Cordova Chronicles: Seven bridge signs honor fallen World War I Cordovans

Part two of a series on the Copper River Highway bridges

At Mile 34.6 the sign on the last bridge standing on what remains of the Copper River Highway honors Lucian Platt, a Cordovan who gave his life in World War I. Photo by Dick Shellhorn/The Cordova Times

Last week article’s about bridge name signs gave some background into the process that resulted in their installation to honor Cordova veterans who gave their lives defending our country.

This week the focus is on bridges named for servicemen who were lost in World War I. In a way, it seems logical to start in that order, although the bridges are named in the opposite order, with the bridges furthest from town being named for WWI honorees.

In an unfortunate twist, three of the bridges that were to have names are no longer intact or approachable, due to the washout at 36.2 Mile.

One of these bridges, listed as #345, is at Mile 37.9 on the other side of the washout. It was to be named the James Bennett Bridge.

Bennett was the first Cordovan lost in World War I. He was born on April 7, 1892 in Canada, and while assigned to Company C, 18th Engineers Railway Regiment, died on June 29, 1918. His assignment to a railway regiment makes sense, as he was formerly an engineer on the Copper River and Northwestern Railway (CR&NWR) that hauled copper ore from the mines at Kennecott to Cordova.

Bennett left Cordova on March 15, 1918 by the steamer Northwestern to enlist in the Thirty First Engineers at Fort Lawton, Washington. He drowned while swimming in a river near his camp in Samur, France. The Aug. 26, 1918 edition of The Cordova Daily Times stated that “The sad news is conveyed in a copy of ‘The Spiker’, published by the men of his regiment.” Cause of death was believed to be heart failure while in the water. He was buried in the cemetery near Base Hospital No. 6. in France.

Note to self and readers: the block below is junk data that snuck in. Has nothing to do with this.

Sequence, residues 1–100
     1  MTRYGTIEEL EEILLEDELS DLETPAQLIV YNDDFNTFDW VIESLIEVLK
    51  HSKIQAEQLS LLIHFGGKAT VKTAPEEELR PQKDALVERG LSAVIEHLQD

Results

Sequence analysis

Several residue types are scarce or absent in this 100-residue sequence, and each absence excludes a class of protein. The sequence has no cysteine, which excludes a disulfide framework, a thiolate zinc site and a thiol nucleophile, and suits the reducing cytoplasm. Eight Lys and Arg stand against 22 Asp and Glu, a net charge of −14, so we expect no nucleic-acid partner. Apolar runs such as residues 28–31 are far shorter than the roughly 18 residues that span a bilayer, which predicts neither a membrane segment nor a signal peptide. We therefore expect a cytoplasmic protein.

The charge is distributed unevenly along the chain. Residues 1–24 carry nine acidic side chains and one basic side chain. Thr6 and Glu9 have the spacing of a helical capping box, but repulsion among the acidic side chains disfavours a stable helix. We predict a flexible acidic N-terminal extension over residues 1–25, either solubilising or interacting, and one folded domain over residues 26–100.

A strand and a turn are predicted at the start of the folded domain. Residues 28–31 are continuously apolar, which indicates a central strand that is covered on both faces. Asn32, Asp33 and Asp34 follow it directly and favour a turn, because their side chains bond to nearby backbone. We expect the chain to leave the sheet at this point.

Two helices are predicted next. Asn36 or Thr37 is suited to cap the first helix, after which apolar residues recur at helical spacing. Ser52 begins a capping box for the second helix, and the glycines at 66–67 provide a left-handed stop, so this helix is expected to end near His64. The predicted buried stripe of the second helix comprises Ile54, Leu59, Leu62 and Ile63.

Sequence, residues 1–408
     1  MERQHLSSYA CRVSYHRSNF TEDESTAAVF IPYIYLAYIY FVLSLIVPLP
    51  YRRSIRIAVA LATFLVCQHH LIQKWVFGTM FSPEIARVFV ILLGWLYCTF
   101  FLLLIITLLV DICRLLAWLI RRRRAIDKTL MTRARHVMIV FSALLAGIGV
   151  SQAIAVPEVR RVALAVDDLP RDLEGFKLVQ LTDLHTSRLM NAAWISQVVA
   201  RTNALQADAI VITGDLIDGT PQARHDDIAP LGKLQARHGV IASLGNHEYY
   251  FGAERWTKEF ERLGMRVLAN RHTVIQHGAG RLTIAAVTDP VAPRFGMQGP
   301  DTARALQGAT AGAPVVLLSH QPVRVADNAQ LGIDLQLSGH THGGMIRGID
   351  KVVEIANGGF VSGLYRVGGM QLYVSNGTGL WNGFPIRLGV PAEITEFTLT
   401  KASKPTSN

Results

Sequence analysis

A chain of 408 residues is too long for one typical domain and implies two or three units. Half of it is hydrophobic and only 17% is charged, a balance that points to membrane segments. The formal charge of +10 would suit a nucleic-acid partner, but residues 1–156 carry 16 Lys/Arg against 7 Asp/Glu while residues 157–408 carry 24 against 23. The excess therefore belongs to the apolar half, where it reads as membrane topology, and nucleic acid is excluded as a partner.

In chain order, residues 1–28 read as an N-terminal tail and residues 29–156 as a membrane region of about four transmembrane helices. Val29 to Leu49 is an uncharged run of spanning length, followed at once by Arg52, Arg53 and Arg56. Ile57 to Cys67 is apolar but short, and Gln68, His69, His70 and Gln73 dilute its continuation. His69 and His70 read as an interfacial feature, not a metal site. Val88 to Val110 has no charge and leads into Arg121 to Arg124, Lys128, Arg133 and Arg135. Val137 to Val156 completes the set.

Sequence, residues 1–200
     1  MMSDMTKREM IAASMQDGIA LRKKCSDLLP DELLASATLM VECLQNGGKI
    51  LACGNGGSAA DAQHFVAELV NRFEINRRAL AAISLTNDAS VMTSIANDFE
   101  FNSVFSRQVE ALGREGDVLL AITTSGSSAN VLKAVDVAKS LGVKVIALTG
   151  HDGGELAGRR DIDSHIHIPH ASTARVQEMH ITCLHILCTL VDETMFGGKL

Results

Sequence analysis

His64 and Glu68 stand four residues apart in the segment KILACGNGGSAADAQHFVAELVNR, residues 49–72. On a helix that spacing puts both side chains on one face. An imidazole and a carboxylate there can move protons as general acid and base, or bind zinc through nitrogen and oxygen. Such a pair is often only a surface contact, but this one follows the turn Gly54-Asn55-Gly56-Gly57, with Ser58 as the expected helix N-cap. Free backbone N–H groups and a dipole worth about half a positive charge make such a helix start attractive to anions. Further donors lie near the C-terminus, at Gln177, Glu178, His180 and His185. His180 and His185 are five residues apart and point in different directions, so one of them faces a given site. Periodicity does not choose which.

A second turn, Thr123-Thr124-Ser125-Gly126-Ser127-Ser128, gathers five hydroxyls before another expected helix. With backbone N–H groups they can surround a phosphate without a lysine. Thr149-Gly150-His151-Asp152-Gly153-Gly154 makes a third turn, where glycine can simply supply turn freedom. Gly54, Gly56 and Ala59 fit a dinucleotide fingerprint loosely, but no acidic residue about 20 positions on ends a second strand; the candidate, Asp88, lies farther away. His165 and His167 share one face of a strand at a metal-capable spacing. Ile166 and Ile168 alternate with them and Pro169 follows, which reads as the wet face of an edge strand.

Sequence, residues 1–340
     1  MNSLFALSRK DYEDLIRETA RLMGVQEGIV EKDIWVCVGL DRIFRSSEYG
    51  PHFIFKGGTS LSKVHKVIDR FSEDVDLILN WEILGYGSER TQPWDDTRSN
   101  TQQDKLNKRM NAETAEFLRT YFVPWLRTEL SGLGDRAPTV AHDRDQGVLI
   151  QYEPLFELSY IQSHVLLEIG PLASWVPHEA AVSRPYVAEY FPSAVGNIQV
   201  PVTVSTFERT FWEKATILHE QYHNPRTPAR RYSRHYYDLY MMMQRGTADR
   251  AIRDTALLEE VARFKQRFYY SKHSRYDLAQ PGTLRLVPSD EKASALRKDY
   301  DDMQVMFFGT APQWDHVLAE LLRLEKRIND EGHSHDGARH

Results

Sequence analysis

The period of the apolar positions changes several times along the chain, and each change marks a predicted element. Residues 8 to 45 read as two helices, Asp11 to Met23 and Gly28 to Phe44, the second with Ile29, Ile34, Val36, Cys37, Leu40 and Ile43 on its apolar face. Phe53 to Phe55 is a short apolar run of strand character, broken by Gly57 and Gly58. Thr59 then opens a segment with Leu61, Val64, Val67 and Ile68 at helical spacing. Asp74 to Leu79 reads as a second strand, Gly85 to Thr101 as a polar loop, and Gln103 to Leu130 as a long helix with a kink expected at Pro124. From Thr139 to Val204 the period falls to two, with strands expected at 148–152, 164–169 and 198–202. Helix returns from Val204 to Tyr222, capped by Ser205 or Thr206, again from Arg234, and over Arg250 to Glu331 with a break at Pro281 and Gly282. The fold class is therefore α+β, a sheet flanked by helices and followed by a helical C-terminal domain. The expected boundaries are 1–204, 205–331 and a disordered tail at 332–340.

Bridge #342, at Mile 37.0, also on the other side of the washout, was to be named the William Morris Jones Bridge. Jones was born on March 1, 1895, in Remsen, New York, and died on July 26, 1918. He served in Company C, Thirty-first Engineers, and was formerly a CR&NWR locomotive fireman. He died of head injuries while performing his duties on a moving train. Jones complained of not feeling well, went to an open window for fresh air, and was struck by a pole. It was stated that clearance on the French railroads was not as wide as it was on American railroad.

The Flag Point West Bridge at Mile 26.7 is named after his brother John W. Jones, who died in action three months later on Nov. 3, 1918 in the battle at Argonne Forest, France. John, the older brother of William Jones, was born on Nov. 22, 1893, also in Remsen, NY. He too, was an employee of the CR&NWR prior to entering the service.

Four months prior to his death, John, a Marine, was awarded the French Croix de Guerre, a medal that recognized acts of bravery, for his actions on July 18, 1918, when under heavy shell fire, he helped carry his severely wounded company commander three kilometers to an ambulance station near Vierzey.

He died eight days before the end of the war.

The Jones brothers were the only sons of Owen and Mary Jones, who were listed as residents of Mile 89, Cordova.

A memorial service to honor John Jones, William Jones, and James Bennett was held at the Empress Theatre in Cordova on March 22, 1919. On May 30, 1919 a concrete monument dedicated to the three was unveiled on Flag Hill in Cordova, which was just past the Masonic Lodge at that time.